17 Ways To Age-Proof Your Brain

By Amanda Gardner

What’s good for your body is good for your brain. That means eating a balanced diet with lots of fruits and veggies and not much sugar, saturated fat or alcohol, as well as getting enough exercise and sleeping about eight hours a night. But evidence is accumulating that a whole host of other activities can help keep our brains young even as we advance in chronological age. There is no one magic activity that you need to take on, but trying a handful of the following will help.

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17 Ways to Age-Proof Your Brain originally appeared on Health.com —> Read More Here

Your Dog Can Get Alzheimer’s Too

As your dog reaches old age, you might expect to contend with veterinary complaints like hip dysplasia or even cancer. But here’s one you aren’t as likely to expect: Alzheimer’s disease.

According to veterinarian Lee Harris, the condition is surprisingly common. At his veterinary practice in Southern California, he’s seen an increase in chronic conditions such as obesity, arthritis and dementia.

“Really, our brains are not that different from dogs’,” Harris wrote in The Washington Post. “The cellular changes of canine cognitive dysfunction would be recognizable under the microscope to any human brain pathologist: Plaques of beta amyloid — protein fragments believed to be the result of ‘oxidative stress’ — lead to distinctive ‘neurofibrillary tangles’ within the damaged nerve cells, and shrinkage of the brain appears in areas where memories are made and behaviors are shaped.”

The technical term for the condition, Cognitive Dysfunction Syndrome, has only more recently become recognized as a disease in dogs. Now, it is estimated that more than 50 percent of dogs over the age of 10 will exhibit symptoms of cognitive decline.

Of course, the symptoms will present themselves somewhat differently than they do in humans. Dementia may cause trained dog —> Read More Here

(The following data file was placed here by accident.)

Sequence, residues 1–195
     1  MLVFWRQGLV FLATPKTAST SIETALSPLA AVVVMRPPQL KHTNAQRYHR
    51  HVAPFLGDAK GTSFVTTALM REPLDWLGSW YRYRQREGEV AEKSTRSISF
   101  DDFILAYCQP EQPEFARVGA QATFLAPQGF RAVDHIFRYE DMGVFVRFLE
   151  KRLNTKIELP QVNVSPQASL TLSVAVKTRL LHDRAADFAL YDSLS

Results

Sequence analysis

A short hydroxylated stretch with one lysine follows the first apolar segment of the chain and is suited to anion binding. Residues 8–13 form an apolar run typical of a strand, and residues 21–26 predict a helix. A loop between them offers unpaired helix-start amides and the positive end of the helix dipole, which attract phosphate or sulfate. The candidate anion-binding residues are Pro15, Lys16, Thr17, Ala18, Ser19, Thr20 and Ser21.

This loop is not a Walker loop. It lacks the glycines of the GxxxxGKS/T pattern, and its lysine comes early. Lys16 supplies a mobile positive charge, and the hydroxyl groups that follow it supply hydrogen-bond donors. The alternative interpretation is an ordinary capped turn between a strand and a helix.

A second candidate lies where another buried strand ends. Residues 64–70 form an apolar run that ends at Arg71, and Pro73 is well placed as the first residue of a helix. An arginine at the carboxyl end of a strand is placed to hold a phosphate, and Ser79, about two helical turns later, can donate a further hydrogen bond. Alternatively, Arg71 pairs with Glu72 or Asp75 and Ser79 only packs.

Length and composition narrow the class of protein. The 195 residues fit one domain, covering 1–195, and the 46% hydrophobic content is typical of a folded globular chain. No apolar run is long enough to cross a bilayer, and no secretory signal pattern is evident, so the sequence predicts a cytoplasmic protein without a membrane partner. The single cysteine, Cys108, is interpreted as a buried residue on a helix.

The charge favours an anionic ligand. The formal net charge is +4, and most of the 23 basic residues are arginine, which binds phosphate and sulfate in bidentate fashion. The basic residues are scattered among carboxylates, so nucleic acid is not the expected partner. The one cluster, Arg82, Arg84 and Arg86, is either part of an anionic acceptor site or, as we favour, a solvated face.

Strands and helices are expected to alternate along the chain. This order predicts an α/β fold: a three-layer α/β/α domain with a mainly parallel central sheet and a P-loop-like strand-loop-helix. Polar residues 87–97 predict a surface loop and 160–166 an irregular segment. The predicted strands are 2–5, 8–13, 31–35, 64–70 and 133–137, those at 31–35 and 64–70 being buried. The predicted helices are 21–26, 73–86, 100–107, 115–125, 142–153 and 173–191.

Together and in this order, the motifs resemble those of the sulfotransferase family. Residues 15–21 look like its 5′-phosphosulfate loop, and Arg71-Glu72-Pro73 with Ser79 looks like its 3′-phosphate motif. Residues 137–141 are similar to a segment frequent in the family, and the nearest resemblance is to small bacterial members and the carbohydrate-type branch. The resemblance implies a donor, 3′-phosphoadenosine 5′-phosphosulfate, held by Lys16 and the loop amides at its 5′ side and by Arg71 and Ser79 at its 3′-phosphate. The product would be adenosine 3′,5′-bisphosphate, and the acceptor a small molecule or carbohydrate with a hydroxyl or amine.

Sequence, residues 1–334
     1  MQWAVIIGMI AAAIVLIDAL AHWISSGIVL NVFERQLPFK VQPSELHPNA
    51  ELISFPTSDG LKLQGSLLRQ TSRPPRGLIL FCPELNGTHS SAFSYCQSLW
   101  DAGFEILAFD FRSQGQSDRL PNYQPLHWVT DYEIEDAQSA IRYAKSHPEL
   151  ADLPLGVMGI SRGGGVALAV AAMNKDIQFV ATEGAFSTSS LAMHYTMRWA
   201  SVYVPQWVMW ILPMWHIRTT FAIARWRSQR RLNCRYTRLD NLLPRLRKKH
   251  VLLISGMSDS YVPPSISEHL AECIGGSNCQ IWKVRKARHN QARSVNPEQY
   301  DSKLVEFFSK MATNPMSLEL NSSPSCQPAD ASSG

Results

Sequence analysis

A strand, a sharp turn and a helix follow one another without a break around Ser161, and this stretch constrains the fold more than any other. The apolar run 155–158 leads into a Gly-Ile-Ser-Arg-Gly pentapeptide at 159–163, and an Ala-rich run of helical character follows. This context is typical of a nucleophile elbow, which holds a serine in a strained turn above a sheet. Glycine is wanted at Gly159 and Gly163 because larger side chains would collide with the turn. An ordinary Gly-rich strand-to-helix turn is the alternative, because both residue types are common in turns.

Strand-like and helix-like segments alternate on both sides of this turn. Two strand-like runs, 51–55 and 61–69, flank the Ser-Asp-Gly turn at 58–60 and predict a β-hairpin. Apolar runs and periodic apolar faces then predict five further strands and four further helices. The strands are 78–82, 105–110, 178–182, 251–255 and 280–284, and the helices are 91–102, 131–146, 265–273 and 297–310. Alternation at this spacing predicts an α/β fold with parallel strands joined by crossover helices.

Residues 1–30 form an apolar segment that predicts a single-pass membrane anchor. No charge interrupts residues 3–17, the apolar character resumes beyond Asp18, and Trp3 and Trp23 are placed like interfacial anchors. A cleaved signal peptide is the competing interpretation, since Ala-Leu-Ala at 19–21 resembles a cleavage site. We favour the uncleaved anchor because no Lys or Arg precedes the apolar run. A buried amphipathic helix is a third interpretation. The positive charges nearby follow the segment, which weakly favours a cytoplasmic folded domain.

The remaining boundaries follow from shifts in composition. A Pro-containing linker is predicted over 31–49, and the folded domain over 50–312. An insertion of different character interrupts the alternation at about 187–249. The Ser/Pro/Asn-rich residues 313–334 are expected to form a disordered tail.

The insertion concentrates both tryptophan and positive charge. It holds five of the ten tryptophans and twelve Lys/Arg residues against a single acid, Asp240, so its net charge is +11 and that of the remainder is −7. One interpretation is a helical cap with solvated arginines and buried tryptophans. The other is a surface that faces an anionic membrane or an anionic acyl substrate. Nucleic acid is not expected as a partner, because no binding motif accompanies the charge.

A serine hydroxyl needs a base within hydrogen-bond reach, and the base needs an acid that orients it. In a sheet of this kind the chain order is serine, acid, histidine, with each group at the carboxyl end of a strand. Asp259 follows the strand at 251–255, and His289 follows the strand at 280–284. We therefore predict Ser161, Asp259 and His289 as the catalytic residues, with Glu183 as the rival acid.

Fossils May Belong To New Primitive Human Species

new species human

Have scientists discovered a new species of primitive human?

Two teams of researchers have been asking that very question after analyzing mysterious fossils found in China and Taiwan. The fossils don’t seem to fit with any known hominin species–including modern humans, Homo erectus or Neanderthals. Instead, they may be the result of interbreeding between known species, or perhaps even belong to an unknown human species.

“Classically, everything that inhabited Asia before the arrival of modern humans have been classified into a single taxon: H. erectus,” Dr. María Martinón-Torres, a dental anthropologist at Spain’s National Research Center on Human Evolution (CENIEH) and a researcher involved in one of the studies, told The Huffington Post in an email. “However, we now see that we may have put in the same box things that are different… It may be time to revise that.”

(Story continues below photo.)

The nine teeth examined while studying fossils of unidentified hominins.

For the research, Martinón-Torres and her colleagues analyzed nine teeth from four individuals, which were unearthed in a cave at Northern China’s Xujiayao site in 1976. The teeth, which date back 60,000 to 120,000 years, were compared to more than 5,000 dental samples taken —> Read More Here

US Senator says GPS often fails to track emergency calls

Washington DC (Sputnik) Feb 01, 2015

First responders are often not able to pinpoint the location of victims when emergency calls are made from wireless devices due to defects in the US GPS satellite system, US Senator Chuck Schumer, said in a press release.

“First responders too-often can’t locate victims when 911 calls are made from cell phones,” Schumer said on Wednesday. “It is inconceivable that GPS flaws could mean the —> Read More Here

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